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1.  Distinguishing the co-ancestries of haplogroup G Y-chromosomes in the populations of Europe and the Caucasus 
European Journal of Human Genetics  2012;20(12):1275-1282.
Haplogroup G, together with J2 clades, has been associated with the spread of agriculture, especially in the European context. However, interpretations based on simple haplogroup frequency clines do not recognize underlying patterns of genetic diversification. Although progress has been recently made in resolving the haplogroup G phylogeny, a comprehensive survey of the geographic distribution patterns of the significant sub-clades of this haplogroup has not been conducted yet. Here we present the haplogroup frequency distribution and STR variation of 16 informative G sub-clades by evaluating 1472 haplogroup G chromosomes belonging to 98 populations ranging from Europe to Pakistan. Although no basal G-M201* chromosomes were detected in our data set, the homeland of this haplogroup has been estimated to be somewhere nearby eastern Anatolia, Armenia or western Iran, the only areas characterized by the co-presence of deep basal branches as well as the occurrence of high sub-haplogroup diversity. The P303 SNP defines the most frequent and widespread G sub-haplogroup. However, its sub-clades have more localized distribution with the U1-defined branch largely restricted to Near/Middle Eastern and the Caucasus, whereas L497 lineages essentially occur in Europe where they likely originated. In contrast, the only U1 representative in Europe is the G-M527 lineage whose distribution pattern is consistent with regions of Greek colonization. No clinal patterns were detected suggesting that the distributions are rather indicative of isolation by distance and demographic complexities.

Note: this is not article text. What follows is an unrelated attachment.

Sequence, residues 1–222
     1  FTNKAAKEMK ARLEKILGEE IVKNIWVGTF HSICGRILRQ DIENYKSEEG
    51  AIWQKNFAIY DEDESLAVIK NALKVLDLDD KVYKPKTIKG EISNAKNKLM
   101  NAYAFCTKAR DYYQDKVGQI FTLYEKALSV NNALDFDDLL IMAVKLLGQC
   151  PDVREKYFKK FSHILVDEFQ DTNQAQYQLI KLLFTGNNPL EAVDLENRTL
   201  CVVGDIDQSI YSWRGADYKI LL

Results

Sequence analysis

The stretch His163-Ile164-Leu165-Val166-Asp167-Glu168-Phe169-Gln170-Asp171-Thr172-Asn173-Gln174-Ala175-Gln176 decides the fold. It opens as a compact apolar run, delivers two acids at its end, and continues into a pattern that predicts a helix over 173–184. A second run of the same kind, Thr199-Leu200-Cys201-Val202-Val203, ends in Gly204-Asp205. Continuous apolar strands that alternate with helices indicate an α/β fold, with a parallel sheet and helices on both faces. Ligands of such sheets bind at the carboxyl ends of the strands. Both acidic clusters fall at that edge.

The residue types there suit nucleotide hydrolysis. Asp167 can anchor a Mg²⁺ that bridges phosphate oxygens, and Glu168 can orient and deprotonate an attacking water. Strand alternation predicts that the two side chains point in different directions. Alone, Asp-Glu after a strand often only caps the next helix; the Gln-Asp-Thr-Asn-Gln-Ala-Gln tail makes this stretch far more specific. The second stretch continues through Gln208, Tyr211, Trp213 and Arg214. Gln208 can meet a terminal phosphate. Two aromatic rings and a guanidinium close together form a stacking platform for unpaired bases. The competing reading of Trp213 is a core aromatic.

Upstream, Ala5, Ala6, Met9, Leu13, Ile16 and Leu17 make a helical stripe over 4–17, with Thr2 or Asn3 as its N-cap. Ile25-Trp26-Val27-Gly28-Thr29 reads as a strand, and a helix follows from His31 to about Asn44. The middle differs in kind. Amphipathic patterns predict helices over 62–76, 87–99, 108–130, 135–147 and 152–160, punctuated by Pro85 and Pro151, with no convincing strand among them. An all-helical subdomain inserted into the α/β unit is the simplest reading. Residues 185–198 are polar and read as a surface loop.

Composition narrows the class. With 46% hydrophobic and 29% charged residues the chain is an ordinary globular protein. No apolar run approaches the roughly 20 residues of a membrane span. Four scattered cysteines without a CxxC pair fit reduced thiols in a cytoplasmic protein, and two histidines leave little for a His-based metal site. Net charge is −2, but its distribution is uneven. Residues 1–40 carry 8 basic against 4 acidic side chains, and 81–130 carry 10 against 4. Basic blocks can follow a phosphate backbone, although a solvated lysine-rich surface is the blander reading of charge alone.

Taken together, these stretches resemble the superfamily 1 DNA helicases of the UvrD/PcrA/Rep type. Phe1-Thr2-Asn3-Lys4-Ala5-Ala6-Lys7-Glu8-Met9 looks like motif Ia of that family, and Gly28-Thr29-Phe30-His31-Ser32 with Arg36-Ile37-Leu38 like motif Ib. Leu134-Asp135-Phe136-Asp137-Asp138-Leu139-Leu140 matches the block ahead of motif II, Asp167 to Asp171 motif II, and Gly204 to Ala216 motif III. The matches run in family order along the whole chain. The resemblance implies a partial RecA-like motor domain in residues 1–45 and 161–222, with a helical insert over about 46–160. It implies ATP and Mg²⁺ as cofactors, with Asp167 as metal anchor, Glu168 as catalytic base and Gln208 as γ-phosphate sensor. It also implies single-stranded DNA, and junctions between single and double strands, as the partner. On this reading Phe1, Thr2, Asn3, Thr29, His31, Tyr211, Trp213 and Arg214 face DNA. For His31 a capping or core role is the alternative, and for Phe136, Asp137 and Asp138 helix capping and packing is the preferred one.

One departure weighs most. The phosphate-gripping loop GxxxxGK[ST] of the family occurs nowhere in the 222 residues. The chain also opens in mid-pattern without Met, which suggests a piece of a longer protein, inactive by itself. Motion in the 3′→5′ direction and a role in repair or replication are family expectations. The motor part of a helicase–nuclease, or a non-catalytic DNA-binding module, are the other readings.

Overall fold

doi:10.1038/ejhg.2012.86
PMCID: PMC3499744  PMID: 22588667
Y-chromosome; haplogroup G; human evolution; population genetics
2.  A major Y-chromosome haplogroup R1b Holocene era founder effect in Central and Western Europe 
The phylogenetic relationships of numerous branches within the core Y-chromosome haplogroup R-M207 support a West Asian origin of haplogroup R1b, its initial differentiation there followed by a rapid spread of one of its sub-clades carrying the M269 mutation to Europe. Here, we present phylogeographically resolved data for 2043 M269-derived Y-chromosomes from 118 West Asian and European populations assessed for the M412 SNP that largely separates the majority of Central and West European R1b lineages from those observed in Eastern Europe, the Circum-Uralic region, the Near East, the Caucasus and Pakistan. Within the M412 dichotomy, the major S116 sub-clade shows a frequency peak in the upper Danube basin and Paris area with declining frequency toward Italy, Iberia, Southern France and British Isles. Although this frequency pattern closely approximates the spread of the Linearbandkeramik (LBK), Neolithic culture, an advent leading to a number of pre-historic cultural developments during the past ≤10 thousand years, more complex pre-Neolithic scenarios remain possible for the L23(xM412) components in Southeast Europe and elsewhere.
doi:10.1038/ejhg.2010.146
PMCID: PMC3039512  PMID: 20736979
Y-chromosome; haplogroup R1b; human evolution; population genetics

Results 1-2 (2)